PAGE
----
Côte d’Ivoire used the showcase of Africa Oil Week to launch its latest offering in the oil and gas sector
The West African nation, also known as the world’s largest producer and exporter of cocoa, released five blocks that they were seeking expressions of interest in.
The three new blocks, CI-800, CI-801 and CI-802, along with existing blocks CI-102 and CI-503, benefit from shallow waters, good geological data and are adjacent to existing discoveries and the proximity of infrastructures. Although the bulk of the nation’s prospects are in the shallow water of less than 200 m water depth, since 2011, 47 exploration licences have been granted by Côte d’Ivoire including four blocks in water depths exceeding 3000 m.
A productive basin
The Côte d’Ivoire sedimentary basin is a passive transform margin that lies along the west coast of Africa, from Liberia to Ghana. Oil and gas activities began in the late Fifties with the discovery of bituminous sands in the Southeastern coastal basin. By the end of last year, almost 70,000 km of 2D seismic along with more than 92,000 sq km of 3D seismic had been acquired with 280 wells drilled.
Several oil and gas deposits have been discovered including Espoir, Baobab, Foxtrot, Marlin, Manta, Mahi. Lion and Panthere, with most of them now in production. This year’s average production is estimated to be around 34,800 bopd for crude oil and 208 mmcfd for natural gas.
Jean Baptiste Aka, chief of Staff at Ministry of Petroleum, Energy & Renewable Energy, Côte d’Ivoire, said, “On the part of the ministry in charge of petroleum and energy side, we want to capitalise on our geographic position and the quality of infrastructures to become the energy hub of the West African subregion.”
“It is our plan that this position will cover all the value chain of the oil and gas industry from upstream exploration and production to downstream activities including the development of oil and gas infrastructures.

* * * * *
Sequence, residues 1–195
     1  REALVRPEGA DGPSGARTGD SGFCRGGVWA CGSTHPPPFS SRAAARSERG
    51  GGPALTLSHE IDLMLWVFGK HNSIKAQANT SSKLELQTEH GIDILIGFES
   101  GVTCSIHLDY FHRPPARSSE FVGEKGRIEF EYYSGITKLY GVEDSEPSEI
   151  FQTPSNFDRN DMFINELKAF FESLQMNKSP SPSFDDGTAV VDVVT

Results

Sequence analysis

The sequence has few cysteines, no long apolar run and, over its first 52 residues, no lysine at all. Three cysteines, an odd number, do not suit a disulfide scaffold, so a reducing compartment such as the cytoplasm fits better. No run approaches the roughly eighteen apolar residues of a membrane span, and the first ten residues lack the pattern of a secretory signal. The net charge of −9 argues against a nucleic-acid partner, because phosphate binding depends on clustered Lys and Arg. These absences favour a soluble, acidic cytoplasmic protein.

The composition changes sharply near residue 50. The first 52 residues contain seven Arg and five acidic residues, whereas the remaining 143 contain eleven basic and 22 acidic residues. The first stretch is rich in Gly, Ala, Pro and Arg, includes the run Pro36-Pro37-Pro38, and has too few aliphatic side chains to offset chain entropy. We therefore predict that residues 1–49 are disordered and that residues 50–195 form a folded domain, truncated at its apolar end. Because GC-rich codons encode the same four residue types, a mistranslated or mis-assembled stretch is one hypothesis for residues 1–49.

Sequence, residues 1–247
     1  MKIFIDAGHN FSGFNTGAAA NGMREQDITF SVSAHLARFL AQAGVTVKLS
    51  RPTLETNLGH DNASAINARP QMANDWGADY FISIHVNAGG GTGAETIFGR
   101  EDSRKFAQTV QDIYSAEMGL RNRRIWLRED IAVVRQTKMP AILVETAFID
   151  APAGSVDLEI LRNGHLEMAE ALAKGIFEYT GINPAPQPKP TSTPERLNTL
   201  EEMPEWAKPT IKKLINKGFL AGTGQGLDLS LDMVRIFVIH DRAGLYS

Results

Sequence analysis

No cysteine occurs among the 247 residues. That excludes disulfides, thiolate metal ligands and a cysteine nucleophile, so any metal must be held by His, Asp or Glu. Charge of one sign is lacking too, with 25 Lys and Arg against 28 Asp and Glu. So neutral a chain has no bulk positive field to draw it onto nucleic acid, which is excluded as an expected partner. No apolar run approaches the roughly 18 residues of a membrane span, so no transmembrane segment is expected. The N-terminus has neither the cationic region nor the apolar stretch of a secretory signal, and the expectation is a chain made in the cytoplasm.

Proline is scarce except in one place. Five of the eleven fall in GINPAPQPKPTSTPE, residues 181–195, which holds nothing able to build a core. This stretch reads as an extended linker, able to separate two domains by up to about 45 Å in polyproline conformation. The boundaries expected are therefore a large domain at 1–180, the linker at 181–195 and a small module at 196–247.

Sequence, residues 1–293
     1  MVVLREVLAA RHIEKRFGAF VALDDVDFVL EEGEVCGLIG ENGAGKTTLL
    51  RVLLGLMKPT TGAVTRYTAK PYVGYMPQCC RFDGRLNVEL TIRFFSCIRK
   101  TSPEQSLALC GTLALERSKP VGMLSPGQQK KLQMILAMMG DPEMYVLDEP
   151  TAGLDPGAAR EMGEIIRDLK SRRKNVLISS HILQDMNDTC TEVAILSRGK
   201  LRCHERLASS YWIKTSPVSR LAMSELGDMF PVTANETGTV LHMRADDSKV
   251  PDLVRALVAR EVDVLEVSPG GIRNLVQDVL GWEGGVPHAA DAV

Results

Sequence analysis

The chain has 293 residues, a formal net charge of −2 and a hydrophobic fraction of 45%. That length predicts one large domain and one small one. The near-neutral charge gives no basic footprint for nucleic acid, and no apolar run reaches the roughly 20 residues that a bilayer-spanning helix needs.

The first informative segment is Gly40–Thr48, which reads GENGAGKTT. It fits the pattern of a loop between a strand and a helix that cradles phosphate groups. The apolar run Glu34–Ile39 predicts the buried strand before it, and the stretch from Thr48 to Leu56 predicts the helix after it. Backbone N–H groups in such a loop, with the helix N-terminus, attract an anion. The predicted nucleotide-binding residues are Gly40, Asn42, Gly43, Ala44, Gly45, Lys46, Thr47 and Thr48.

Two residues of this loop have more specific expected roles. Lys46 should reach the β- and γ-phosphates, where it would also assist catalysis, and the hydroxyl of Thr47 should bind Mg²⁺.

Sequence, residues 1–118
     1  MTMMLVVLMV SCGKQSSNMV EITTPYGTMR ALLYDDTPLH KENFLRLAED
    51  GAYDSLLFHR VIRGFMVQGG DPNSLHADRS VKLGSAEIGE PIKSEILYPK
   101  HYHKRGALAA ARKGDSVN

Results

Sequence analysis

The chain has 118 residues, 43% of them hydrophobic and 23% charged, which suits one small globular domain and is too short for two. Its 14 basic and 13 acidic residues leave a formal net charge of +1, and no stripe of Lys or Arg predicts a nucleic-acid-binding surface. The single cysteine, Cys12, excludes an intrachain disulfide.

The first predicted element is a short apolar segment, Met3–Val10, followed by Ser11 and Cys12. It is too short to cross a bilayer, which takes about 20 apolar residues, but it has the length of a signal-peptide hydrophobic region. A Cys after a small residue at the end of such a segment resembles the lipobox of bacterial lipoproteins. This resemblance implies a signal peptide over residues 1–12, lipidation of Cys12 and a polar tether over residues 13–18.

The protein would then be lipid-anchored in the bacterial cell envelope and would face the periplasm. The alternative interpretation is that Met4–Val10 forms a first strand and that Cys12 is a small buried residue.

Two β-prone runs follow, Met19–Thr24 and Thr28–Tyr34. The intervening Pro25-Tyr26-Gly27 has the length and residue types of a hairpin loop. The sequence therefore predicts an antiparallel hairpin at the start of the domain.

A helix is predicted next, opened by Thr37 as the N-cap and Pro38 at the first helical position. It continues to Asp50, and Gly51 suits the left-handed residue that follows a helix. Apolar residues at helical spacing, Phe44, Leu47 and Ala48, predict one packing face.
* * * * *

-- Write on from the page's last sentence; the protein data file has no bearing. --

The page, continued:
“For the upstream sector, intense exploration activities have been conducted during the past nine years with many exploration licenses being granted, large seismic data acquired, and many exploration wells drilled,” Aka added. “In the country there are four producing blocks with an output of around 38,000 bopd of crude oil and 213 mmscfd of natural gas, mainly consumed locally in power plants and with growing demand.”
Benefitting from a stable regulatory and fiscal regime
Ambroise Niamien, technical advisor for hydrocarbons, at Côte d’Ivoire’s hydrocarbon directorate explained that the process for interested parties is clear and transparent. “We picked those five blocks for obvious reasons and companies are invited to come in, look at the data and express an interest in those blogs,” he said. “Based on the feedback we get in the terms of proposals that are submitted we will decide the next course of action.
“For now, we are not talking about bidding. Within a couple of months of the conclusion of the expression of interest process, we will decide what route to take. It may be to hold some further discussions depending on the interest in any given block. The first stage is to collect the interest of any operator that may be interested in those blocks. Each operator will have one day’s access to the data free of charge and if they want to proceed, they must express their interest. But we want to be flexible. This is a new approach for Côte d’Ivoire, we do not want to tie our hands in a bidding process.”
As for any fiscal and regulatory arrangements, Aka added that Côte d’Ivoire has a fiscal regime which is stable. “We have a particular code, and there is no intention to change that fiscal regime. The fiscal regime is based upon production sharing contracts, as you know, in production sharing contracts, once the capital is recovered by the operator then the remainder of the production is split on the terms which are negotiated in the PSC between the consortium and the state. We also have tax exemptions to encourage oil and gas companies to explore and produce,”